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Olszewski WL, Zaleska M, et al.
International angiology : a journal of the International Union of Angiology. Date of publication 2017 Feb 1;volume 36(1):50-58.
1. Int Angiol. 2017 Feb;36(1):50-58. doi: 10.23736/S0392-9590.16.03630-0. Epub 2015 Nov 23. Treatment of postmastectomy lymphedema by bypassing the armpit with implanted silicone tubings. Olszewski WL(1), Zaleska M(2). Author information: (1)Department of Vascular Surgery, Central Clinical Hospital, Ministry of Home Affairs, Warsaw, Poland - waldemar.l.olszewski@gmail.com; Department of Transplantation Surgery, Mossakowski Medical Research Center, Polish Academy of Sciences, Warsaw, Poland; Department of Epigenetics, Mossakowski Medical Research Center, Polish Academy of Sciences, Warsaw, Poland. (2)Department of Vascular Surgery, Central Clinical Hospital, Ministry of Home Affairs, Warsaw, Poland; Department of Transplantation Surgery, Mossakowski Medical Research Center, Polish Academy of Sciences, Warsaw, Poland; Department of Epigenetics, Mossakowski Medical Research Center, Polish Academy of Sciences, Warsaw, Poland; Department of Applied Physiology, Mossakowski Medical Research Center, Polish Academy of Sciences, Warsaw, Poland. BACKGROUND: Women treated for breast cancer are facing a life-time risk of developing lymphedema in up to 40% of this population. In advanced cases of lymphedema main lymphatics are obstructed and tissue fluid accumulates in the interstitial spaces forming fluid "lakes"and "channels". The only solution for fluid drainage would be creating artificial channel for flow away to the non-obstructed regions. The aim of this study was to form artificial pathways for edema fluid flow by subcutaneous implantation of silicone tubes into the swollen limb. METHODS: Implantation was carried out in ten patients with lymphedema after mastectomy, axillary lymphadenectomy and radiotherapy, stage II and III. Tubes were placed from hand dorsum, through forearm and arm to scapular region. Implantation was followed by routine arm sleeve compression. Prophylactic long term penicillin was administered. The follow-up is at present 10 months. RESULTS: We observed: implanted tubes brought about fast evacuation of excess tissue fluid; most decrease in circumference, volume and stiffness occurred within first two weeks; less limb heaviness and easier hand grip; lymphoscintigraphy tracer accumulated in tubes and around them; free fluid was seen on ultrasonography at both ends of tubes and in between; no postoperative complications. CONCLUSIONS: We propose a multimodality method including implantation, limb compression to generate fluid pressure gradient for flow and prevention of inflammation by administration of long-term penicillin. Simplicity of surgical procedure and lack of reaction to implant make the method worth applying in advanced stages of lymphedema in large cohorts of patients. DOI: 10.23736/S0392-9590.16.03630-0 PMID: 26603434 [Indexed for MEDLINE]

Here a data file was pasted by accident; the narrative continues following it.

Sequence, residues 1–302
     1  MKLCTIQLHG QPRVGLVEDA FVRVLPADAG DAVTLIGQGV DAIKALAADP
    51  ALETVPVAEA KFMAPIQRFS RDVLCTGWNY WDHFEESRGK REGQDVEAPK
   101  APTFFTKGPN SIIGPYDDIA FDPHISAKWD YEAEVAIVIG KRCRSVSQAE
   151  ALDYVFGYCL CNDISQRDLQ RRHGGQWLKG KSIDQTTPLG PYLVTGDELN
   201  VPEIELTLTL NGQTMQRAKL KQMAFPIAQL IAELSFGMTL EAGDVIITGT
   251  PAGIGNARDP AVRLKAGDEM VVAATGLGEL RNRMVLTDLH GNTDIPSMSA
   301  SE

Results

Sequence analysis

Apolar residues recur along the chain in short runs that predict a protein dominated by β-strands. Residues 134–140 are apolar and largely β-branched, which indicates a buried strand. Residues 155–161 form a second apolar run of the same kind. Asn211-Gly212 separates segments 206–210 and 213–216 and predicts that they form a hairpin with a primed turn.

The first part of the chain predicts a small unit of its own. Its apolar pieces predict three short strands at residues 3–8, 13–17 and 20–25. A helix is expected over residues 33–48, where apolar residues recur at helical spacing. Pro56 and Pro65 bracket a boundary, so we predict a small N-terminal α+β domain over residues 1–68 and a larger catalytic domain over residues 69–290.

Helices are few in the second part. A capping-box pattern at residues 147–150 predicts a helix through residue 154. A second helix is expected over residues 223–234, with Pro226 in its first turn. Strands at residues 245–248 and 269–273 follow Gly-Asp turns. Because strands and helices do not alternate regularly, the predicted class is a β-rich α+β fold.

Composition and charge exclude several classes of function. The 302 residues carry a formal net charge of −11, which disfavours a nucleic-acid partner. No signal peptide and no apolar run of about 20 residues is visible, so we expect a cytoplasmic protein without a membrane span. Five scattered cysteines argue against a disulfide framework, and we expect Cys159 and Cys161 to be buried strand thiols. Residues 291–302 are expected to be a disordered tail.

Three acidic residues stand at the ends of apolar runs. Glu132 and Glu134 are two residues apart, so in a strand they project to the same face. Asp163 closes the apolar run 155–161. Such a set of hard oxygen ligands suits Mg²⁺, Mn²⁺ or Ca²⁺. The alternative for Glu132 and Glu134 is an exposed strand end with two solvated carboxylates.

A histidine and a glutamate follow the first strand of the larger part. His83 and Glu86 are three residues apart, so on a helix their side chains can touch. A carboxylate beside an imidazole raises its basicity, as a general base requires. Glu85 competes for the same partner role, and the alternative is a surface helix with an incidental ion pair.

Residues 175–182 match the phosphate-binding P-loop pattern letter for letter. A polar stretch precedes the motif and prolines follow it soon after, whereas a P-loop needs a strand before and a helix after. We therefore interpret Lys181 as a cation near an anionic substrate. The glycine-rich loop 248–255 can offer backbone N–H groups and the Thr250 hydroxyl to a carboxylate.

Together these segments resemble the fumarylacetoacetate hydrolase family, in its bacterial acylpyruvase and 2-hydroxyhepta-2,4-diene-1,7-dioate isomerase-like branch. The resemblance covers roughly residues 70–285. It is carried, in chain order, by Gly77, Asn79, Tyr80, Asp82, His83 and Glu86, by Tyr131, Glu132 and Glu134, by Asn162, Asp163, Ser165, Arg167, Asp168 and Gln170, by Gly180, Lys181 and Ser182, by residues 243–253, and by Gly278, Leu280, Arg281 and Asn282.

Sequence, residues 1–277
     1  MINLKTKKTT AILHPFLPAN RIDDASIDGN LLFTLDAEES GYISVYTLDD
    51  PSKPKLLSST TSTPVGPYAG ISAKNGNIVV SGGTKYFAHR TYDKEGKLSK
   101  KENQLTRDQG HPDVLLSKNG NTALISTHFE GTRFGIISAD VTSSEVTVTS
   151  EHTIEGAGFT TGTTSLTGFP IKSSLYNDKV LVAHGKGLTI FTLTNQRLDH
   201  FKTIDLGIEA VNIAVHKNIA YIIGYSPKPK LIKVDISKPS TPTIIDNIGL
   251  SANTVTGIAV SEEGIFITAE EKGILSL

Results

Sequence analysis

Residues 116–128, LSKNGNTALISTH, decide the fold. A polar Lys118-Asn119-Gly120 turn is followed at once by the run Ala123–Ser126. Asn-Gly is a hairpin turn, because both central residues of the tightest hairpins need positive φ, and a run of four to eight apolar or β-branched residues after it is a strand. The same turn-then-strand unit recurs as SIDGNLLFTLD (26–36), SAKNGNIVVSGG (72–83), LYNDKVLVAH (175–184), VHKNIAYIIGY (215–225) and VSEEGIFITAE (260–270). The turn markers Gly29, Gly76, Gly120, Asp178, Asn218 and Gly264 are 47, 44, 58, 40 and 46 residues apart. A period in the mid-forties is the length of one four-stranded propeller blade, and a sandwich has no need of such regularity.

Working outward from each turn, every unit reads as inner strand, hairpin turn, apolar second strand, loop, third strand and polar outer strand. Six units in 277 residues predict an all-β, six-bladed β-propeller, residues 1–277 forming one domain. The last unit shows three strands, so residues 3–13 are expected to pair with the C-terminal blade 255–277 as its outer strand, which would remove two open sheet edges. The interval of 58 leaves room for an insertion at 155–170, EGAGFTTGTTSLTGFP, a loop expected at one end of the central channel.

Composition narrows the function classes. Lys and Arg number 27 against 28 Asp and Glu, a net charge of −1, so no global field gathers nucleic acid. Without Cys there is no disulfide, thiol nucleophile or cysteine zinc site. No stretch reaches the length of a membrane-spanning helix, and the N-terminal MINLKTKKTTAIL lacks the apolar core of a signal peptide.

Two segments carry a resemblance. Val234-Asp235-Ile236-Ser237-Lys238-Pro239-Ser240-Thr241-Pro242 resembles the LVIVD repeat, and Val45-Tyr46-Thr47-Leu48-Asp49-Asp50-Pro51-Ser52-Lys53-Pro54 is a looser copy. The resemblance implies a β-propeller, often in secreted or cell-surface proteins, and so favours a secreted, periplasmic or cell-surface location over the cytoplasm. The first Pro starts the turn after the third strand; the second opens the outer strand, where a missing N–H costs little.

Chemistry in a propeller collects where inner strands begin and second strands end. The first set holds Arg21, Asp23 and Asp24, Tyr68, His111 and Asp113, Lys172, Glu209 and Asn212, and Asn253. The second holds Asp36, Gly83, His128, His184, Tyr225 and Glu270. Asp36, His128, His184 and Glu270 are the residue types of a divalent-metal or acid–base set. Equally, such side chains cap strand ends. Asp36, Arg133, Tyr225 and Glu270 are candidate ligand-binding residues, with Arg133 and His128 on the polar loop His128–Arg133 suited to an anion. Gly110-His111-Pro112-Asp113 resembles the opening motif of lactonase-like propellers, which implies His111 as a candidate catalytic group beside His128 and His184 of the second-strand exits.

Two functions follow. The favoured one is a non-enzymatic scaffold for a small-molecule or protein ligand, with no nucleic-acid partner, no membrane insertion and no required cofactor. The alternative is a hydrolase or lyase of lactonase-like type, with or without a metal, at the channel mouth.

Appears in following Topics:
Lymphedema - Treatment and Emerging Strategies for Prevention